Review originally posted here
.Why I Read It:
I've been plowing through this series for the past couple of weeks, so of course I had to read this latest installment. Spoiler-free review ahead.
This series is so addicting and so so fun. It features a strong heroine and a rollicking adventure -- common elements threading this series together -- but it's different enough from its predecessors to stand on its own and it's a formula that works really well (though I hesitate to word it quite like that because 'formulaic' entails some negative connotations that I wouldn't attribute to this book, or series as a whole.)
This book features Andan Cly, who was initially introduced in Boneshaker
, as a main character as well as his lost love, Josephine Early. I liked Cly since he was first introduced, so I was excited that he got a whole novel dedicated to him and his air-pirate shenanigans (well, he's trying to give up that life, but his adventure in this book is kind of like his last hurrah.) Josephine was an equally compelling heroine, even though she hadn't had any page-time in previous books. She's like Briar Wilkes in a lot of ways -- she's strong-willed, stubborn, independent and tough as old leather -- but she's still very much her own person and I would never confuse the two. Josephine was almost all the traits I just mentioned, but amplified because of her situation (being a coloured and independent woman.)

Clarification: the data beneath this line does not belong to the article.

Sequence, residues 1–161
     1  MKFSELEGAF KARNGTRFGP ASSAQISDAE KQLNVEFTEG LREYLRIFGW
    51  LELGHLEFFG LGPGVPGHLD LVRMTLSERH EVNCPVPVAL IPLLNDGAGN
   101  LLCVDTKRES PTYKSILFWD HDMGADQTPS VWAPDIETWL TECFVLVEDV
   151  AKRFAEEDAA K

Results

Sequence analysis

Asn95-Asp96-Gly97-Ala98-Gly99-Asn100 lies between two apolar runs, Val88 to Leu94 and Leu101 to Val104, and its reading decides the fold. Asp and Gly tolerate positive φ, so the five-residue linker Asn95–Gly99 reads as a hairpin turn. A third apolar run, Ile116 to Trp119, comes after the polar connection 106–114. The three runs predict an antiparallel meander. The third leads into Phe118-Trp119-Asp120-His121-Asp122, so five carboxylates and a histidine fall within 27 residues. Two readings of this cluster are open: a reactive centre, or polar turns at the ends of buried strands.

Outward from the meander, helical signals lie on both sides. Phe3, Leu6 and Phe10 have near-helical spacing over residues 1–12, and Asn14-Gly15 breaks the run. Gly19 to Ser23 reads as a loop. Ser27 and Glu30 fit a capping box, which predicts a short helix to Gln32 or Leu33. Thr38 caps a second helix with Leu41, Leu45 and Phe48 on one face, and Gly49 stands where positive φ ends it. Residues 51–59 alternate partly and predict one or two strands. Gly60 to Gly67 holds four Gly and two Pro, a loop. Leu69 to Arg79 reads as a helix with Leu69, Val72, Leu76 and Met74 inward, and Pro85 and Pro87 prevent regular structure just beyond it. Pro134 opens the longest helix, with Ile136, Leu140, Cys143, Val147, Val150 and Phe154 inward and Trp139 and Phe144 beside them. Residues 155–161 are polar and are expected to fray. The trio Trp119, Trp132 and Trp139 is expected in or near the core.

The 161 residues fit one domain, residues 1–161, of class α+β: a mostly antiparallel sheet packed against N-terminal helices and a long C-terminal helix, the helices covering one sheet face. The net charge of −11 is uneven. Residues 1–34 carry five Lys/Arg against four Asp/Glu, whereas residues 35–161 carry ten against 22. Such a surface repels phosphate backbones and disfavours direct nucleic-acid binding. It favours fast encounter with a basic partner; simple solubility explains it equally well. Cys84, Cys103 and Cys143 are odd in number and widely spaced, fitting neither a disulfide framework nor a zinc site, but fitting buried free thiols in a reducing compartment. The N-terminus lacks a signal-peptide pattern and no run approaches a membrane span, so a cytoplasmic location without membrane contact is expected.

There is a bit of romance in the novel, but it's really downplayed and is between Andan and Briar, not Andan and Josephine, despite having had a relationship about a decade before. The relationship between Andan and Josephine was really well executed. They never get back together and there's never any question if they will or won't, which I appreciated; these characters are grown adults and they act like it, and while meeting again after so long is initially awkward for them, they behave maturely and like people their age.
The adventure itself, navigating the Ganymede (which is a submarine), was a lot of fun and takes up a good chunk of the final third of the novel. I really enjoyed reading it, and while I had no doubt that the characters would make it through, that didn't lessen the excitement. Save for this book, I've yet to read a novel set in a submarine, so that was a fun change of pace.
As for the alternative history elements, I'm not at all familiar with the Civil War (I know I should be, but eh, I'm Canadian), let alone the nitty gritty details, so even when things deviated a lot from the truth, I could never tell. Priest does provide an awesome afterword though that details aspects of the story that were based on history and how they deviated from history. It also provided some insight into Ruthie's character (which I won't go into detail here because of spoilers, but I initially found a revelation about her character to be shoe-horned into the plot, despite the good intentions; the afterword assuaged my reservations about it though.)Final Verdict:
This was another fun installment in the Clockwork Century series. It features a similar blend of Strong Heroine and Rollicking Adventure that I've come to associate these books with, but it always uses these elements in different enough ways that it never feels repetitive. I liked seeing Andan Cly get his own book, and his relationship with Josephine was well executed; they have awesome banter and clearly still respect one another, but it never treads romantic territory, which I liked. The adventure in the submarine Ganymede was a ton of fun to read as well. I can't wait for The Inexplicables
to come out this November.